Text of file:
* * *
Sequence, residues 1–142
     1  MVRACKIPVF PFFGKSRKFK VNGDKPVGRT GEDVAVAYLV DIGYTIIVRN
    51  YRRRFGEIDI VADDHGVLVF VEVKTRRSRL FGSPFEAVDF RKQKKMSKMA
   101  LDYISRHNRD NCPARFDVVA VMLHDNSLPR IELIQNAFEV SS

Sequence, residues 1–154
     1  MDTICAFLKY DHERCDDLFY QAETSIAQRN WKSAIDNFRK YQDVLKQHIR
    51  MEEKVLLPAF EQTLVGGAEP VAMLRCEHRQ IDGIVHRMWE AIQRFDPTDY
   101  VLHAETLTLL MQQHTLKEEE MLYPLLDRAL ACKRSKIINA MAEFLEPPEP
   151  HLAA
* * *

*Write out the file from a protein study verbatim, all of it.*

Sequence, residues 1–142
     1  MVRACKIPVF PFFGKSRKFK VNGDKPVGRT GEDVAVAYLV DIGYTIIVRN
    51  YRRRFGEIDI VADDHGVLVF VEVKTRRSRL FGSPFEAVDF RKQKKMSKMA
   101  LDYISRHNRD NCPARFDVVA VMLHDNSLPR IELIQNAFEV SS

Sequence, residues 1–154
     1  MDTICAFLKY DHERCDDLFY QAETSIAQRN WKSAIDNFRK YQDVLKQHIR
    51  MEEKVLLPAF EQTLVGGAEP VAMLRCEHRQ IDGIVHRMWE AIQRFDPTDY
   101  VLHAETLTLL MQQHTLKEEE MLYPLLDRAL ACKRSKIINA MAEFLEPPEP
   151  HLAA